Removal of Muslim’s Quran during locker clearance not religious discrimination

An employment tribunal has held that the removal of a Muslim’s Quran (Koran) during a locker clearance was not religious discrimination. Stephen Simpson rounds up employment tribunal decisions reported in the past fortnight.

Religion: removal of Muslim’s Quran during locker clearance not discriminatory
In Hussain v Bandera Ltd, a tribunal found that the removal of the Quran (Koran) from a Muslim employee’s locker during a locker clearance was not religious discrimination.

A Muslim security guard was advised to empty his locker before going on leave. He did not do so and, on his return, discovered that his possessions had been placed in a labelled black bin bag.

The contents of his locker included the Quran. The security guard brought a religious discrimination claim that the employer’s actions “challenged and disrespected” his religion.

The employment tribunal rejected the religious discrimination claim. It said that no disrespect to the claimant’s religion was meant.

Other guards’ lockers were also cleared and the possessions were removed for safekeeping, labelled and returned to them when they came back to work.

Whoever had cleared the lockers was unaware that the Quran was among the items removed.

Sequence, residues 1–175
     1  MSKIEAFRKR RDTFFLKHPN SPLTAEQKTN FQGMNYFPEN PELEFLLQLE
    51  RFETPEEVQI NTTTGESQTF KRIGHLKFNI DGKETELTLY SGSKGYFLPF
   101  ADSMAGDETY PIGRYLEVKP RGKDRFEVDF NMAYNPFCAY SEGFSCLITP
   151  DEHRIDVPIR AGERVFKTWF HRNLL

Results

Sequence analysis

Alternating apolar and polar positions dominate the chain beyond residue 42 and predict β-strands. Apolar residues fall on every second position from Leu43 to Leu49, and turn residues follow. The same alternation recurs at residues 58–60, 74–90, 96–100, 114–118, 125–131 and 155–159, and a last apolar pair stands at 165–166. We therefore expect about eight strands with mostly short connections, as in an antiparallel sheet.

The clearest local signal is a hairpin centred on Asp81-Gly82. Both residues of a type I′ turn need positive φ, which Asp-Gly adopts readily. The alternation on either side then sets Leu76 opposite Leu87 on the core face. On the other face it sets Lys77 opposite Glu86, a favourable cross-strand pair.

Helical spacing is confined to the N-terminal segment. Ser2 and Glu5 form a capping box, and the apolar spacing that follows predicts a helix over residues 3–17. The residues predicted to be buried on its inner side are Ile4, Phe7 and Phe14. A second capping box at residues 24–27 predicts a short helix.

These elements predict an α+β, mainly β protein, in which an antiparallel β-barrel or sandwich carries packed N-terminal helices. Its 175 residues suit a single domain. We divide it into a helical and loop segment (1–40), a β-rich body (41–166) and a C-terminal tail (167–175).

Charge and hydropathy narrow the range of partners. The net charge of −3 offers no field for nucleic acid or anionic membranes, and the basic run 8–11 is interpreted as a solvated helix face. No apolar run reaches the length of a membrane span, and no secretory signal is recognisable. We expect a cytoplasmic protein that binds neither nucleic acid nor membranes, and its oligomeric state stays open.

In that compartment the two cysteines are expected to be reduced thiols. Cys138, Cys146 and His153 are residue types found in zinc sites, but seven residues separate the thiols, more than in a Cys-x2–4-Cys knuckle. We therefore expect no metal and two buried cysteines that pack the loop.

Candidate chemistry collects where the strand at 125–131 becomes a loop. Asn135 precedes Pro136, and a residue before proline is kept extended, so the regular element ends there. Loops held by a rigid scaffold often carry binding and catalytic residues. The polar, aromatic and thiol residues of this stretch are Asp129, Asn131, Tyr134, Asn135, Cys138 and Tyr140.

The tribunal disagreed that the employer should have kept a log of personal items removed. This could have constituted interference with employees’ private property. Read full case report…

Other tribunal decisions in the headlines

Tribunal overturns profit-share decision in fringe producer’s favour
A director ordered to pay the national minimum wage to actors involved in a profit-share production has had the decision overturned, reports the Stage.

Sacked Turning Point IT director was unfairly dismissed, tribunal rules
A former IT director at Turning Point has won a claim of unfair dismissal against the drug, alcohol and mental health charity, according to the Third Sector.

Sacked clerk’s tribunal blow
A town clerk sacked for gross misconduct after a £340,000 VAT blunder has had her tribunal case thrown out by a judge, reports the Argus.

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